This Post Has 4 Comments

  1. Eileen

    This is really cool! I know some sections of diving certifications were available online, but I didn’t realize how much you really could accomplish remotely. I bet you’re even more excited about diving more now, hopefully in the near future!

  2. Can’t wait for you to get your advanced girl. Peak is such a great class. We had our peak bundled into our open water class and it served us well. The instructor took extra time in the pool working on skills. As it turns out, Jenn never completed her peak because, both times when we went back, the currents were funky in Catalina Island. Looking forward to going deep with you!

  3. Andi

    This is a fantastic idea, there are lots of disciplines that have theoretical portions you have to study, why not study from home? Brilliant! Like boating, map-reading, etc. Really nice pivot on the part of the outdoor industry to be able to offer this.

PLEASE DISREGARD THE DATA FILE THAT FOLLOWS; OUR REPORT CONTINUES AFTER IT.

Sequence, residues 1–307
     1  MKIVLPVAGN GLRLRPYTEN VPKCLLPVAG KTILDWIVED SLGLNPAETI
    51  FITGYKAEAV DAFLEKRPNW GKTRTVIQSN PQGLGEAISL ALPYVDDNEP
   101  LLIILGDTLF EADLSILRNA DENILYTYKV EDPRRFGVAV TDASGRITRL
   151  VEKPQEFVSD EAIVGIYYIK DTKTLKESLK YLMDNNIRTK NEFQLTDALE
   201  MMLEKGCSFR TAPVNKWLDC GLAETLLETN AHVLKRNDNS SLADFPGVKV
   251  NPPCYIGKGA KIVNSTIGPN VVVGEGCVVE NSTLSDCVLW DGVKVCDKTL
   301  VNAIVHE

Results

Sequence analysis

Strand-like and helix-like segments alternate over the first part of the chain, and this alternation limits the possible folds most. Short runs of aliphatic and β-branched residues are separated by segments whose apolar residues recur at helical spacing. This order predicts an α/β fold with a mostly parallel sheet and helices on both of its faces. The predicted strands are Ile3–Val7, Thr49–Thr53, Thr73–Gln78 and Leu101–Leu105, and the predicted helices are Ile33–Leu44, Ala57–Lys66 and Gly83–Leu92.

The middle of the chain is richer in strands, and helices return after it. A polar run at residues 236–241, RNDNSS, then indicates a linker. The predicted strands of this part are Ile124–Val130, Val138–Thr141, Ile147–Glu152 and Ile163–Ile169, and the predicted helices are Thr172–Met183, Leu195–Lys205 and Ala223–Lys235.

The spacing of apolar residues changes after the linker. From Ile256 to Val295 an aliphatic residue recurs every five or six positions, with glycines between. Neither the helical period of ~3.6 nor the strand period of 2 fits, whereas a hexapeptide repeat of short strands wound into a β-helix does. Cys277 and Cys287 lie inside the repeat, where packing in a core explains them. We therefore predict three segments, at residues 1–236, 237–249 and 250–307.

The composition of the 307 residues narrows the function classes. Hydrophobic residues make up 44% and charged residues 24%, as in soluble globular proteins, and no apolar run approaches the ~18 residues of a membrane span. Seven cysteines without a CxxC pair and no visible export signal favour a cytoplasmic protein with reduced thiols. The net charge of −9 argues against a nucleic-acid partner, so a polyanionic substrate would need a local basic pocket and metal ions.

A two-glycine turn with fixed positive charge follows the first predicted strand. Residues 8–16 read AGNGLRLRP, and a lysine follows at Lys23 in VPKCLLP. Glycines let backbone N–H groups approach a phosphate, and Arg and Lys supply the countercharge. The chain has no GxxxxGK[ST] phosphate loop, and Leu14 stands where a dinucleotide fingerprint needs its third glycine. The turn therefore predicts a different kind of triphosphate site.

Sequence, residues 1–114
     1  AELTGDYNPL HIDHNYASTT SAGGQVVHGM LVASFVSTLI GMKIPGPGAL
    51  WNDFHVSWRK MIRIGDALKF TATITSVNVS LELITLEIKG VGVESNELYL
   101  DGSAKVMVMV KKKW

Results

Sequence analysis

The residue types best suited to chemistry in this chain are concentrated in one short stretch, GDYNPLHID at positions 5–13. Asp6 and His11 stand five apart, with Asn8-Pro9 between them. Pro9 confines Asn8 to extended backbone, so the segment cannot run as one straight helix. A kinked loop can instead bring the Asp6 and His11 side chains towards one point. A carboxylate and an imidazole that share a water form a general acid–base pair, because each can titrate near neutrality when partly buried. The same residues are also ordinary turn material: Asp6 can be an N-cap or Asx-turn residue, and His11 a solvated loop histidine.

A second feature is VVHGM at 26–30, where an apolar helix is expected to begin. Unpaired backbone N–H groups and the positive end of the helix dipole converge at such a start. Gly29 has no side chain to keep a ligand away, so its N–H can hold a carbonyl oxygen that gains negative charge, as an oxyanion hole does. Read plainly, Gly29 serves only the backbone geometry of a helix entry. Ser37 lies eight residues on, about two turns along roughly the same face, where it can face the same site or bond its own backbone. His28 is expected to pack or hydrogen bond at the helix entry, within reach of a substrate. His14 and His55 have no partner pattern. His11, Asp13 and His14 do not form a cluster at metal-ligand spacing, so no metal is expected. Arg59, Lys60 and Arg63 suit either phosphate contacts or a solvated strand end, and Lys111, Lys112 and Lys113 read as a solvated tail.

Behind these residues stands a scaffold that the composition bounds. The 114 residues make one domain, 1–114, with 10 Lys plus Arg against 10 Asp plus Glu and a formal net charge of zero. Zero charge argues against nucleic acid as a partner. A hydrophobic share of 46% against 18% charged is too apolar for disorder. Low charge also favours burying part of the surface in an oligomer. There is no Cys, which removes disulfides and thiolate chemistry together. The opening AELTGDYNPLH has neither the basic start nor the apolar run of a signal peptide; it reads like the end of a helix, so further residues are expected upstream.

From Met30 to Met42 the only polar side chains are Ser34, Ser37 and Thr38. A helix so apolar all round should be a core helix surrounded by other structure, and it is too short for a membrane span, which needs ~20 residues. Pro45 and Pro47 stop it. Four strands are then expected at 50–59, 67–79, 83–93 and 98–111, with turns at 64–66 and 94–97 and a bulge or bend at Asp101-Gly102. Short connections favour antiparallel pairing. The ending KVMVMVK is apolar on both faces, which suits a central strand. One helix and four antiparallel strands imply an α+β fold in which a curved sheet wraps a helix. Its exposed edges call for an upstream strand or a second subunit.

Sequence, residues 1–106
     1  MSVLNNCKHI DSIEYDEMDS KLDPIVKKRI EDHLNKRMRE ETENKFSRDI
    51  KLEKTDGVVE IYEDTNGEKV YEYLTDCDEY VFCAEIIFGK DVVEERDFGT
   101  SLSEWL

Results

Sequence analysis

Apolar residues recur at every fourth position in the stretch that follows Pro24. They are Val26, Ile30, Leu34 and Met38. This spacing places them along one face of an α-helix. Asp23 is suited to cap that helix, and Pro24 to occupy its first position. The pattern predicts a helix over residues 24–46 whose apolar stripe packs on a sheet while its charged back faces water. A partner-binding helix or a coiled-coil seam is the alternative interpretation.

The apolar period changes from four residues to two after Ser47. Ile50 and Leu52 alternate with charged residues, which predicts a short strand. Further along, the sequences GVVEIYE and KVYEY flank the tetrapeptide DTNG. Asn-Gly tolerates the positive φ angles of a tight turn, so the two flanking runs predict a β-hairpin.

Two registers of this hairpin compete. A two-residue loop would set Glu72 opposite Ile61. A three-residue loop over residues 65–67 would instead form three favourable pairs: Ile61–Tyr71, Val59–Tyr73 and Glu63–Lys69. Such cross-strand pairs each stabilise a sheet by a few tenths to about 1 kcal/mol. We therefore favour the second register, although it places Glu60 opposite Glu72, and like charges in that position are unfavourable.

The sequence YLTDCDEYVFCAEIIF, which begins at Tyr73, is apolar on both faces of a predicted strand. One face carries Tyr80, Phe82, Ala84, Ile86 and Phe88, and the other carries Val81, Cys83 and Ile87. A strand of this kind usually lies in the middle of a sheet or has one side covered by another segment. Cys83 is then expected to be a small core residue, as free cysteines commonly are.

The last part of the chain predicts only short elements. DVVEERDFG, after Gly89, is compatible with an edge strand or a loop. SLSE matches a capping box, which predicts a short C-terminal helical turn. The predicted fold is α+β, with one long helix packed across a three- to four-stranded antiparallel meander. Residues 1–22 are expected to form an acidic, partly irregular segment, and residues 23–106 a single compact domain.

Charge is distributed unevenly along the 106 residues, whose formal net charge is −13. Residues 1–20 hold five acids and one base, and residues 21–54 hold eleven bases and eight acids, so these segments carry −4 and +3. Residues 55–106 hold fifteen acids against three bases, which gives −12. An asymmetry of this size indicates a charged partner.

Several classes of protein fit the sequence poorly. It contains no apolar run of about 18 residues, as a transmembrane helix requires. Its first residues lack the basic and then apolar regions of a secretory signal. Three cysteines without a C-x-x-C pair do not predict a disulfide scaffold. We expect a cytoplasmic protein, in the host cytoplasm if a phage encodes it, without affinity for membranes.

4. Sarah

    What a great way to pivot and make a positive out of having your Gulf Shore dives canceled (booo!). Super productive and obviously you’re still keeping occupied with something really meaningful to you, you’ve just had to adapt it! I love reading all your dive stuff because it’s really out of my own wheelhouse, but something on my lifelong bucket list for sure.